It is my mission to reduce suffering in this world. I’ve suffered so often from the drug my mother was given when pregnant with me, yet I have survived and thrived. I want to help others. If there were a magic wand to ward off disease at the pass, like the terrible type-2 diabetes, wouldn’t you want to know?

There is! It’s food. Food is a super medicine when used wisely.

A huge thank-you goes out to the Department of Medicine at The University of Tennessee Health Science Center and the Department of Preventive Medicine at the The University of Tennessee Health Science Center. Their study on using diet to put 100% of folks with “pre-diabetes” into “normal and healthy” blood sugar ranges rocks!

These folks recruited 24 pre-diabetic adults. This means that their blood sugars were rising but not yet at the level of type-2 diabetes. Rising blood sugars increase your risk of eventually getting diabetes. For each year you are a pre-diabetic, you have a 7 to 10% increased risk of developing outright type-2 diabetes.

The pre-diabetics were put on either a “high protein” or “high carbohydrate” diet. This study was randomized (divided up without bias).

  • The high protein diet wasn’t that much protein as much as equal to fat, (30% protein, 30% fat, 40% carbohydrate).
  • The high carbohydrate diet (15% protein, 30% fat, 55% carbohydrate) had slightly over half of the food they ate come in the form of carbs.

There were 12 men or women in each group. They ate these diets for 6 months. All meals were provided to try to make sure they didn’t sneak out for a snickers bar.

After 6 months, 100% of the pre-diabetics on the high protein diet had 100% remission! Their pre-diabetes was back to normal glucose tolerance (their blood sugar levels got healthy). In comparison, only 33.3% of the people on the high-carb diet went into remission.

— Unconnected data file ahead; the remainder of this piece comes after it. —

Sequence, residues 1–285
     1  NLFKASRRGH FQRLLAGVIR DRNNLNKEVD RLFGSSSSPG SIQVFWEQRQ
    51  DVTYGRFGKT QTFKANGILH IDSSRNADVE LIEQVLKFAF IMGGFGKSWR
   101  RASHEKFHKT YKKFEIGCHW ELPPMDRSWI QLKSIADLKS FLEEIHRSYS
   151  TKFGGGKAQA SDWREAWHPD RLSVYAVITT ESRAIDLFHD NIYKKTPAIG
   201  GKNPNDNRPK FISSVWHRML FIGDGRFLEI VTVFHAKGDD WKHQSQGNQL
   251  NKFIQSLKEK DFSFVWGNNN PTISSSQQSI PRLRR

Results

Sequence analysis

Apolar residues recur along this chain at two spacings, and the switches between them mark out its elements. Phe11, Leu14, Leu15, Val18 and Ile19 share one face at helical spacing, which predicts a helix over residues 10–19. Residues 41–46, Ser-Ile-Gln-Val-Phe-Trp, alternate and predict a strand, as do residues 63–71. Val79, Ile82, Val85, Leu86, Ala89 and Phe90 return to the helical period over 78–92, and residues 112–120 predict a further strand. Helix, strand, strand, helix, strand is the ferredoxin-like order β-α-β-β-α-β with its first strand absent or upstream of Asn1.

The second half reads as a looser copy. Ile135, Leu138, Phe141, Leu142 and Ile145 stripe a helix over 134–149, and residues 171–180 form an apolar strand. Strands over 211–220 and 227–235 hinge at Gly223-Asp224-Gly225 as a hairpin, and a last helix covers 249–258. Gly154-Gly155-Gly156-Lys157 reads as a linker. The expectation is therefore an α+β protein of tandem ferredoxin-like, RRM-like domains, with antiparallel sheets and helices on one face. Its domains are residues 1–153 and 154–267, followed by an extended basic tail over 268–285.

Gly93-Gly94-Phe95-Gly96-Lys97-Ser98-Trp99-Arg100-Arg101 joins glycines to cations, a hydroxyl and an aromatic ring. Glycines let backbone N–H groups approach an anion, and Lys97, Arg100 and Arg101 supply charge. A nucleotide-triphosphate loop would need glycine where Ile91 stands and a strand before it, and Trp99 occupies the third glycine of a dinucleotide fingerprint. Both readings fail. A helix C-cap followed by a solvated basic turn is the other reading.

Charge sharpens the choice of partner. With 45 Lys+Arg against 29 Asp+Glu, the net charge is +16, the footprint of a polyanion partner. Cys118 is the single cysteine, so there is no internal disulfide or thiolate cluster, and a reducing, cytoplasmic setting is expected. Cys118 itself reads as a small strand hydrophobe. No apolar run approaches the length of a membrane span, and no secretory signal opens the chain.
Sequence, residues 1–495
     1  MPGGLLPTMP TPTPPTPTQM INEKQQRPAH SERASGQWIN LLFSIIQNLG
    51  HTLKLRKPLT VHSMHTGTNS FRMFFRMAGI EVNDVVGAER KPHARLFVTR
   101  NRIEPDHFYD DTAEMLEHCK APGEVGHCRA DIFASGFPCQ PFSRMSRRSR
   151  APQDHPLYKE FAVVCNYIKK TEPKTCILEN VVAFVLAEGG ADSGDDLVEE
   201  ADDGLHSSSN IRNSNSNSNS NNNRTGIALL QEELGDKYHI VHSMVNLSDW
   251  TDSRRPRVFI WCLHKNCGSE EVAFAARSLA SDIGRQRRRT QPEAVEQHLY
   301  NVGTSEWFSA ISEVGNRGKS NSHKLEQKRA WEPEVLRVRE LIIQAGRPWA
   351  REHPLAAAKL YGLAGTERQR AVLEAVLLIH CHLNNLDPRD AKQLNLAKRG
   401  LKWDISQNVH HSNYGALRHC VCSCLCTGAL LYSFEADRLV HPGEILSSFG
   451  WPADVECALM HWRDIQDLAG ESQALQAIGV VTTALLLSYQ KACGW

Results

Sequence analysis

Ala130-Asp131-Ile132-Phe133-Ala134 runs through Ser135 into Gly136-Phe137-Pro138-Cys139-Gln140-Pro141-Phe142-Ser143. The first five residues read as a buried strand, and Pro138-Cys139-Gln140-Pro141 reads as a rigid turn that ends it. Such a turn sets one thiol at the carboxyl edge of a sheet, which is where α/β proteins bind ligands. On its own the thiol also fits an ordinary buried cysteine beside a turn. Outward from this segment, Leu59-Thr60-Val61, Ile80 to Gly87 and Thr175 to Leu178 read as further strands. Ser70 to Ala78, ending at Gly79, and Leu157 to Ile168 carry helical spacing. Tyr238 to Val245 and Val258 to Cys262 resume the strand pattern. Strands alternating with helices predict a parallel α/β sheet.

Going lower carb and higher protein (compared to the higher carb group) created improvement in ALL these realms of living in a body suit, and all within just 6 months:

(1)         Improved insulin sensitivity

(2)         Improved heart health risk factors

(3)         Less nasty inflammatory cytokines (molecules that make you tired, hurt, and feel ill, as well as damaging tissue)

(4)         Less oxidative stress

(5)         More lean body mass

The authors concluded:

This is the first dietary intervention feeding study, to the best of our knowledge, to report 100% remission of pre-diabetes with a high protein diet and significant improvements in metabolic parameters and anti-inflammatory effects compared to a high carb diet at 6 months.




Back copy:

The rate of type-2 diabetes in the U.S. has increased dramatically in just the past 10 years. We are seeing type-2 diabetes in some of our kids, while historically it had just been seen in obese sedentary seniors!

According to the CDC, we have an “epidemic” of both pre-diabetes and type-2 diabetes. National Diabetes Statistics Report from 2014 says there are currently 29.1 million people with diabetes, while U.S. citizens with impaired glucose tolerance (IGT) or pre-diabetes is 86 million.